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Seeing the Lord's Glory

Kyriocentric Visions and the Dilemma of Early Christology

by Christopher Barina Kaiser

Publication Year: 2014

The “dilemma of early Christology,” Kaiser observes, is found in the early Christian claims to have “seen the Lord” and “beheld his glory”—expressions that in early Judaism would have pointed unequivocally to visions of Israel’s God. The shift of those claims onto the figure of Jesus is usually explained either as a result of the resurrection of Jesus, presumed as a historical event, or on the influence of pagan polytheism. Kaiser examines the phenomenon of “kyriocentric” visions in Second Temple Judaism, asking whether such traditions are sufficient to account for the shape of early claims regarding the divinity of Christ.

Published by: Augsburg Fortress Publishers

Title Page, Copyright Page

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pp. i-iv

Contents

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pp. v-vi

Abbreviations

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pp. vii-xii

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Deity Christology in a Jewish Context

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pp. 1-22

There is a dilemma at the heart of New Testament Christology: How could deity Christology arise among pious Jews whose tradition consistently opposed the exaltation of any living human being to equality with God? Following the execution of Jesus,1 according to New Testament accounts...

Part I: Kyriocentric Visions in the Context of Crisis and Performative Prayer

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1. Kyriocentric Visions in Early Judaism: Experiential, Literary, or Performative?

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pp. 25-42

The Kyriocentric conjecture proposed here is based on the assumption that turn-of-the-era Jews experienced visions of YHWH coming to reassure and to save. Is this a realistic assumption? Several eminent scholars of Jewish literature doubt that such an assumption can be supported from the texts at hand (reasons...

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2. Motifs Associated with Kyriocentric Visions in Apocalyptic and Early Rabbinic Literature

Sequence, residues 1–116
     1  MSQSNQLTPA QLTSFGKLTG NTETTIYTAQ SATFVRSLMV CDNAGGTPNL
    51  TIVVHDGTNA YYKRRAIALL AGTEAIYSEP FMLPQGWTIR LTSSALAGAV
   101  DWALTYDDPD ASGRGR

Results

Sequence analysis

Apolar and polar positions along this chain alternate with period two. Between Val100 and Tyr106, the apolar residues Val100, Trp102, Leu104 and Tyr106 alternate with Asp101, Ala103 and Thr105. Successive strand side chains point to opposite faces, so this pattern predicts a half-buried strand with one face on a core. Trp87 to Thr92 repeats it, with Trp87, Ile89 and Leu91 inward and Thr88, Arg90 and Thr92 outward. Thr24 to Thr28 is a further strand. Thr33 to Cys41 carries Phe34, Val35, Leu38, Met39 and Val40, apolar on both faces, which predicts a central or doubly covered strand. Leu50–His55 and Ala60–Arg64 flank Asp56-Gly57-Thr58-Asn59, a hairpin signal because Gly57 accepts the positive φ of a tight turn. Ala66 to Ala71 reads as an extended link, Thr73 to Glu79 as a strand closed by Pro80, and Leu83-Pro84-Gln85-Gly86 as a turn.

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pp. 43-80

Our starting point is a dilemma at the heart of New Testament Christology: deity Christology arose among pious Jews whose tradition consistently opposed the exaltation of any living human being to equality with God. Having stressed the urgency of this problem and reviewed the major options (based on the...

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3. Kyriocentric Prayers and Devotions as the Context for Visions among Early Disciples of Jesus

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pp. 81-98

Our modus operandi in this study is neither free speculation nor exact demonstration, but the in-between realm of hypotheses and plausibility (or non-implausibility) arguments. Of course, accepting the plausibility of Kyriocentric visions as the origin of New Testament Christology does not...

PART II: Kyriocentric Visions as the Impetus for Early Deity Christology

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4. Conditions under which a Kyriocentric Vision Might Be Identified with a Deceased Human Being

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pp. 101-120

According to our Kyriocentric vision conjecture, some of the followers of Jesus experienced a theophany, one in which YHWH appeared to them with the form, voice, and name of their deceased teacher. Our task at this point is to try to match what we know about theophanic traditions and the life and death of...